SA football desperately needs to end goals drought

2014-08-09 00:00

ANOTHER PSL season is under way, and I find myself dipping my toes into the water with both excitement and trepidation.

KwaZulu-Natal is short-changed with Golden Arrows in the NFD, but Maritzburg United in the Midlands and AmaZulu in Durban will represent the Zulu Kingdom.

The beginning of every season brings a sense of anticipation. Watching the two KZN clubs on their quest for a top-half finish — Usuthu are actually eyeing a top-four finish — will be intriguing enough. But it is the title race that really catches the eye with what many are anticipating to be a four-horse race. Champions Mamelodi Sundowns are drenched in wealth, resources and a seemingly limitless squad of players.

The credentials of Kaizer Chiefs and Orlando Pirates speak for themselves and both sets of supporters will settle for nothing less than the championship.

The real underdog of the season, according to many a critic from up north, are Gavin Hunt’s Wits. The Students finished third in the league last season, ahead of Pirates, and there is a feeling that they could go a step further and challenge for honours in 2014/15. The potential of four teams thrashing it out for 10 months is mouth-watering.

The PSL remains an almost impossible league to predict. Moroka Swallows went from challenging for the title under Gordon Igesund in 2011/12 to flirting with relegation just two seasons later. That’s how quickly it can change. On any given day, any of the 16 teams can win against any opposition. This is part of what makes the league such an exciting one to follow. But the unfortunate truth is that much of the reason that the PSL is unpredictable has to do with the quality of football on offer.

So often we see the favoured sides dominate matches while displaying an all too familiar inability to finish off chances. It is a common theme of South African football now, expected whenever a match kicks off. That is not to say that the quality isn’t there. All over the park players demonstrate their skills in fleeting glimpses. A deft touch here, a precision pass there and expertly timed tackles aplenty.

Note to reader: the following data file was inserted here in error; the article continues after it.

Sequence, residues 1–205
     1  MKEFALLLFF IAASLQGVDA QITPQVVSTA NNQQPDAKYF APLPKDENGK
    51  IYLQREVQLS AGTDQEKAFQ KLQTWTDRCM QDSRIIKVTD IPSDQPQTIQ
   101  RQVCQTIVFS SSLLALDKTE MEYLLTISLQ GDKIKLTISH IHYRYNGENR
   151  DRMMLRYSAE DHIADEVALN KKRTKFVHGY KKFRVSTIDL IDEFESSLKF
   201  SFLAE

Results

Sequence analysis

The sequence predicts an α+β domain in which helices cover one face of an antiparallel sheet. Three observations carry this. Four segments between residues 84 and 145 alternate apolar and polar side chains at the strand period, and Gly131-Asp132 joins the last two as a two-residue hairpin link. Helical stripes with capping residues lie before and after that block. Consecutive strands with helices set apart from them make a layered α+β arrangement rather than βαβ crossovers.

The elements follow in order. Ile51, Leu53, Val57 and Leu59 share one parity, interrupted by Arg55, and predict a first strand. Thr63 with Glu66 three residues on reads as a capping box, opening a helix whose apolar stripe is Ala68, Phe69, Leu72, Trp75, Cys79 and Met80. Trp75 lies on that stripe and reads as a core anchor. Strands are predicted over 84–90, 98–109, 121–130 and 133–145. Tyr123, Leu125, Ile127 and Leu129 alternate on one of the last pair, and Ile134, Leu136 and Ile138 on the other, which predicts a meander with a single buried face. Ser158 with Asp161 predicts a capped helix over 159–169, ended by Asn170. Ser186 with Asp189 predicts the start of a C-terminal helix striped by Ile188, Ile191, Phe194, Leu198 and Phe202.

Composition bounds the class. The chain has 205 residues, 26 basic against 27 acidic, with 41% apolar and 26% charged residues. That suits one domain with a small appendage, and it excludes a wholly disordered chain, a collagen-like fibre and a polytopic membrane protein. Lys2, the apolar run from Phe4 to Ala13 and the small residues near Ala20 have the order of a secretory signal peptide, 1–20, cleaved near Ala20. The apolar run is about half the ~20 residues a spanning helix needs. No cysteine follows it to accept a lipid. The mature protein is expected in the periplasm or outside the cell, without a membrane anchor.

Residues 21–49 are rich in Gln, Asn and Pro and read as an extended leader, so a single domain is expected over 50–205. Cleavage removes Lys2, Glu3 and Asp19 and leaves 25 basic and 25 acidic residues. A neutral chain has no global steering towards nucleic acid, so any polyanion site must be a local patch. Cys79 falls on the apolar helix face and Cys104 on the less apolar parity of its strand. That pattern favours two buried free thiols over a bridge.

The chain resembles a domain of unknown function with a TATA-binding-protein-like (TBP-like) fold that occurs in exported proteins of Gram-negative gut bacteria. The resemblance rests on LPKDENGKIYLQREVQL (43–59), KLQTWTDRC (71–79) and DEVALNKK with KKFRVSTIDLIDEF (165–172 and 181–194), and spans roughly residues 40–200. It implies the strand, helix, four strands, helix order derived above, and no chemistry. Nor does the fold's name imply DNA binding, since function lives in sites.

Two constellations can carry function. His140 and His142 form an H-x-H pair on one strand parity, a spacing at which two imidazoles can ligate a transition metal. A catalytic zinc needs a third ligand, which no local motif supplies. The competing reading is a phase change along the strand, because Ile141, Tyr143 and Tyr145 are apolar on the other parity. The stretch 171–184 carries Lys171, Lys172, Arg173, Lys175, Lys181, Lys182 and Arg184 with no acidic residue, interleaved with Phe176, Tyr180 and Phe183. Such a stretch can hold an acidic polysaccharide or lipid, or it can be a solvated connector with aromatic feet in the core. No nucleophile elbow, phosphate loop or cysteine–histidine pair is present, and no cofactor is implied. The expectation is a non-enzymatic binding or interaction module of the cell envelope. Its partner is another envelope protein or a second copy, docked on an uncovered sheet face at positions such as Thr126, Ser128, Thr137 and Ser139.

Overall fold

But in between these heart-in-mouth moments are long periods of frustration for coaches, players and fans.

I remember a game day towards the end of last season where 12 or 14 of the 16 PSL sides were in action at the same time. As half time approached, there wasn’t a goal scored anywhere in the country. All of the matches were deadlocked at 0-0. Because scoring goals is such a problem for PSL sides, coaches know that they are a rarity and that conceding once could end in defeat.

The result is that, often, coaches will approach a match with a defensive mind-set that prioritises not conceding over scoring. So, we begin a horrible cycle. The PSL needs more goals, but how are we to get to that point when coaches are too scared to go out looking for goals for fear of conceding goals? The blame can’t really lie with the coaches, either. It is log points that ultimately determine a season, not a noble quest to play entertaining football.

Watching a Pirates or Chiefs side in full flight, 2-0 up in front of their home fans, is an experience. There is relaxed freedom that comes over the players and that is when we get to see their true ability. But the league is so competitive that such a situation seldom arises. Instead, we see far too many sloppy attempts at snatching a winning goal by any means necessary.

Let’s hope that this season we see more coaches taking fearless approaches of attacking intent. SA football needs goals now more than ever.

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